Op-Ed: Israel's Ghetto Mentality
Giulio MeottiThe writer, an Italian journalist with Il Foglio, writes a twice-weekly...
Claude Lanzmann is a great filmaker. His new movie, “The Last of the Unjust”, tells the incredible story of Benjamin Murmelstein, the last head of the Jewish ghetto di Theresianstadt, the only one who survived the war.
The movie tells the story of this brave Jew who had to work with Adolf Eichmann (“Murmelschwein” the collaborationist, as he was defamed after war).
“Are you happy in Rome?”, asks Lanzmann. “As a Jew in exile”, replied Murmelstein. You cannot but feel compassion for what this Jew had to endure.
But while Murmelstein speaks, my thoughts go to the current Israeli leadership of Israel. Murmelstein and the Members of Knesset of the State of Israel, its strategists and public officials have the same type of thinking, a way of thinking which I will try to summarize here:
Survival is our only concern. Survival of all Jews, to be sure, but above all, the survival of the greatest number.
We must not allow terror to cloud our minds and divert us from our goal. We must think logically.
The uprooting of Jews dispersed throughout the world causes a great deal of suffering. Yet we must not be oblivious to the advantages of concentrating all our people in our own area. Dispersed in small settlements, they are exposed to hatred and ever-growing dangers. Their very presence is a source of constant friction. There will be safety in numbers.
The threats of total annihilation are empty rhetoric for popular consumption. The enemy is willing to sit down with us and make plans clearly proves that he has long-range interests. If we act wisely, peace will come. Painful compromise is the price of survival.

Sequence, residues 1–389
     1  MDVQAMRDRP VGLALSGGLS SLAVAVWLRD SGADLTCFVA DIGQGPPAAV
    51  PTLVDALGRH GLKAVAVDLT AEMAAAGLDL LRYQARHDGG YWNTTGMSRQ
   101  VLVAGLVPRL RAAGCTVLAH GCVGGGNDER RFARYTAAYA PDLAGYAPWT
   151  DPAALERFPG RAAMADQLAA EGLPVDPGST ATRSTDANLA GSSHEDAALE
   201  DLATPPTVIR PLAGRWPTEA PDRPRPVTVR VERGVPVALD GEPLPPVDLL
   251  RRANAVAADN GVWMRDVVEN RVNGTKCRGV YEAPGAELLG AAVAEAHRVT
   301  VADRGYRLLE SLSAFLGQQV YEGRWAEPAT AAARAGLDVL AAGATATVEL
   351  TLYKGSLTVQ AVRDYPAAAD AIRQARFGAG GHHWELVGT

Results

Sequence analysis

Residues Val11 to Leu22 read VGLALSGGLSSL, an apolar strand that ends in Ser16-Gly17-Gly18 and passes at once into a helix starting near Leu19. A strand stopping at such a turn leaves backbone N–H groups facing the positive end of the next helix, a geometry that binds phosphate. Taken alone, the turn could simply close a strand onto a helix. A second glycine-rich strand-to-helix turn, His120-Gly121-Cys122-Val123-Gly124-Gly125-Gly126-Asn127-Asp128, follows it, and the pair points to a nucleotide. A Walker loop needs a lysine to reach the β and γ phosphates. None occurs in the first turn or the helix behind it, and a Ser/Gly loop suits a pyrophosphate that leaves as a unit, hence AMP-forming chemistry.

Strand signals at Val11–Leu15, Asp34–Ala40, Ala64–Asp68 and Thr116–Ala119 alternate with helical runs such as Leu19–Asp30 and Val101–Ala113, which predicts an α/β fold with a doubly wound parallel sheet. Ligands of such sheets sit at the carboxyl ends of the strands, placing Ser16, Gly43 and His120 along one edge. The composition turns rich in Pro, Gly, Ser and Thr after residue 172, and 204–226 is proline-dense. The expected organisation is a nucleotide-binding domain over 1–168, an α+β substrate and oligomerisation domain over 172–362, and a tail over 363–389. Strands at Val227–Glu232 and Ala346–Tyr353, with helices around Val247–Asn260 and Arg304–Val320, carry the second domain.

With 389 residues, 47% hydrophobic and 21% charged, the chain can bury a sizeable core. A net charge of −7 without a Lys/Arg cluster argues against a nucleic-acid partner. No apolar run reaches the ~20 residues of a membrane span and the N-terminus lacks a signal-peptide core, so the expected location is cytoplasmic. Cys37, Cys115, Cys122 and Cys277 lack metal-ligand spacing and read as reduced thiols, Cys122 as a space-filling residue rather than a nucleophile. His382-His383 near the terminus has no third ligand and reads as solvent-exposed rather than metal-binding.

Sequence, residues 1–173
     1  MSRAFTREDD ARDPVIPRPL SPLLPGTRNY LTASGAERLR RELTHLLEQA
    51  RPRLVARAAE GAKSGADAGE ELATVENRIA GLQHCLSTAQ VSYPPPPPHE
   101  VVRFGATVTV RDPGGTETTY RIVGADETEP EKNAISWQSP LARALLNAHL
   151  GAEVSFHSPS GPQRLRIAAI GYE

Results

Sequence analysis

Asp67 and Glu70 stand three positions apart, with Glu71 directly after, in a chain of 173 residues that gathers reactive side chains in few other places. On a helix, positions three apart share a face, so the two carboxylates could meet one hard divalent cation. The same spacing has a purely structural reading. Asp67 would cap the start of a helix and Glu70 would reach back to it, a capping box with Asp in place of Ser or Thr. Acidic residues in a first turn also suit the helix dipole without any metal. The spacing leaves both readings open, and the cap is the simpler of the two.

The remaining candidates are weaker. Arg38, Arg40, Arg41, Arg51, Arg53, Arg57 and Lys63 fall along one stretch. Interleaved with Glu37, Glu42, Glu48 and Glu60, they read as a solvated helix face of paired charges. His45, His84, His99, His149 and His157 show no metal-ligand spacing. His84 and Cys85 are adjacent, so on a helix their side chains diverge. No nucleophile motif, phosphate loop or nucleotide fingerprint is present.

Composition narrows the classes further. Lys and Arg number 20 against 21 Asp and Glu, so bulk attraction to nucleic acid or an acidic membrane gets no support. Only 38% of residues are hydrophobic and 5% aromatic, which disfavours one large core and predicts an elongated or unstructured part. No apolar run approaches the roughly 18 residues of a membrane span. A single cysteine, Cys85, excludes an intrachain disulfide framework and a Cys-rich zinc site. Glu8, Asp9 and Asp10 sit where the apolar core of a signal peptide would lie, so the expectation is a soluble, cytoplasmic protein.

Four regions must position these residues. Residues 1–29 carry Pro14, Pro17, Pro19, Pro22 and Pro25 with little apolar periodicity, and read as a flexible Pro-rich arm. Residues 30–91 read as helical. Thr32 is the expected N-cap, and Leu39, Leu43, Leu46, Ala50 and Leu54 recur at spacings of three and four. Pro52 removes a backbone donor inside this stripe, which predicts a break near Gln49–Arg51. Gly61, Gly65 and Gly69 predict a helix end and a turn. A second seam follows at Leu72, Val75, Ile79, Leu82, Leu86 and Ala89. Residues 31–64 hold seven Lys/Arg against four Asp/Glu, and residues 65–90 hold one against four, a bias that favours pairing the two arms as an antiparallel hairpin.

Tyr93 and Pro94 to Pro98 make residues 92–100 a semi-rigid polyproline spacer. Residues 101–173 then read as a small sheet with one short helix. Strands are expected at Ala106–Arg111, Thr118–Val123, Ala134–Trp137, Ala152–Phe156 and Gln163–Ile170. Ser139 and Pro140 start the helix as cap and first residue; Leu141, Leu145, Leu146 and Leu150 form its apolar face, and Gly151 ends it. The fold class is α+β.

It is this ghetto-like thinking that leads Israel’s government ministers to seriously advocate uprooting Jewish towns and villages in the Jews’ ancestral homeland; that they speak of exiling thousands of Jews in order to curry favor with Arab potentates and US coteries; that they make pacts with unrepentant terrorists whose anti-Semitism matches anything in the pages of Der Stürmer; that they allow for Jewish blood being shed in all parts of the country; that they tell their citizens to surrender more to the Palestinian Arabs so that they will control terrorism; that they ask the Jews to be prepared to suffer the loss of precious lives, for peace too extracts a bloody price.
It is in this ghetto-like thinking that you see Jewish policemen beating peaceful protesters; that government ministers hold talks with Mahmoud Abbas’ henchmen at the very hour when Jewish victims are being buried rather than join the thousands of mourners; that the wholesale release of Arab murderers is defended by Israel’s justice minister as perfectly legal and that, Kristallnacht-fashion, Palestinians loot a synagogue built over the Tomb of Joseph in Shechem.
In 1942, the Nazis gathered in a villa outside Berlin to adopt “the Final Solution of the Jewish People”. Then anti-Semites wanted to make the world Jüdenrein, free of Jews. First came the “resettlement” from outlying communities to the large ghettos and then the “final solution”.
In 2014, anti-Semites want to make the world “Jüdenstaatrein”, free of a Jewish State. As a first step, they will insist on the “resettlement” from outposts and then the “final agreement”.
The result will be a squeezed, narrow and urban Jewish ghetto with Muslim newcomers pressing from the eastern highlands, those which have been abandoned by the Jewish army.